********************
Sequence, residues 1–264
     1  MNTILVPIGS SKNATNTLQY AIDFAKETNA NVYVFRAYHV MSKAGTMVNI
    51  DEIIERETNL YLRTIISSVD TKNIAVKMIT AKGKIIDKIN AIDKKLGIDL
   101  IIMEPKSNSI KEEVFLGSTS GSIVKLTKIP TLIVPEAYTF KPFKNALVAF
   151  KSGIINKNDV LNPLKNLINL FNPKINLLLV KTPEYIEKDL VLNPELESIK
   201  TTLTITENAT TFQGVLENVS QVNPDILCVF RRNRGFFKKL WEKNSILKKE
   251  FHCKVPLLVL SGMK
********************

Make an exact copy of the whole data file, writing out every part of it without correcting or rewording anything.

Sequence, residues 1–264
     1  MNTILVPIGS SKNATNTLQY AIDFAKETNA NVYVFRAYHV MSKAGTMVNI
    51  DEIIERETNL YLRTIISSVD TKNIAVKMIT AKGKIIDKIN AIDKKLGIDL
   101  IIMEPKSNSI KEEVFLGSTS GSIVKLTKIP TLIVPEAYTF KPFKNALVAF
   151  KSGIINKNDV LNPLKNLINL FNPKINLLLV KTPEYIEKDL VLNPELESIK
   201  TTLTITENAT TFQGVLENVS QVNPDILCVF RRNRGFFKKL WEKNSILKKE
   251  FHCKVPLLVL SGMK